The first time I encountered Rory McIlroy was ten years ago at the 2006 Dubai Desert Classic. It was dusk and, as the desert sun was setting, we were both stood outside the clubhouse waiting for a lift. I was in my second year as a journalist and Rory was, unbeknown to me, competing in the tournament. After a short period one of the players’ courtesy cars pulled up and I was surprised to see the 16-year-old jump in.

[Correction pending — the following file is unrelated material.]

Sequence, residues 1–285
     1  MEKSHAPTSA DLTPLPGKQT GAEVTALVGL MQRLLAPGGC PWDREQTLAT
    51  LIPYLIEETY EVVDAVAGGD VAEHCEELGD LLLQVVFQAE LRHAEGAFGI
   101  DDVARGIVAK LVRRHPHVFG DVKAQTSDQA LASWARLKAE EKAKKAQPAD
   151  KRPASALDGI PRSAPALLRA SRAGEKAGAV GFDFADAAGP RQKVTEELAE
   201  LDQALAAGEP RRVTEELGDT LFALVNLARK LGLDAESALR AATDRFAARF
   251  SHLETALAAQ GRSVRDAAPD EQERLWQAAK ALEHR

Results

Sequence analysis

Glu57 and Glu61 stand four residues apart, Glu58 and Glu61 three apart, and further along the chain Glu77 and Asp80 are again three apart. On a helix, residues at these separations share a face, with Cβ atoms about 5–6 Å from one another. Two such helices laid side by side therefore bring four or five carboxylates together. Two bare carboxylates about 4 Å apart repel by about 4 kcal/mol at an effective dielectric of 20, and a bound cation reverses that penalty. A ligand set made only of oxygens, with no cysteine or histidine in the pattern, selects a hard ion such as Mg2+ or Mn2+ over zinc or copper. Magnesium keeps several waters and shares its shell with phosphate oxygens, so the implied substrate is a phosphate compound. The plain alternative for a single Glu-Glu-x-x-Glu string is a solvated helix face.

The following day I asked around about the teenager competing in the Desert Classic and the response was just about the same every time. “That’s Rory McIlroy,” they told me. “He’s incredibly talented.” This was, and to a certain extent still is, the narrative surrounding McIlroy. You will struggle to find a single article about the Northern Irishman that does not reference his prodigious talent. This, of course, has been fuelled by fabled stories from his past, such as the course-record 61 he shot at the brutally hard Royal Portrush in the 2005 North of Ireland Amateur. And then there’s the golf swing. It’s the golfing equivalent of a Federer backhand or a Cruyff turn. What’s more, to the untrained eye, it seems to have barely changed from those early days. Rory McIlroy was born to play golf. Simple.
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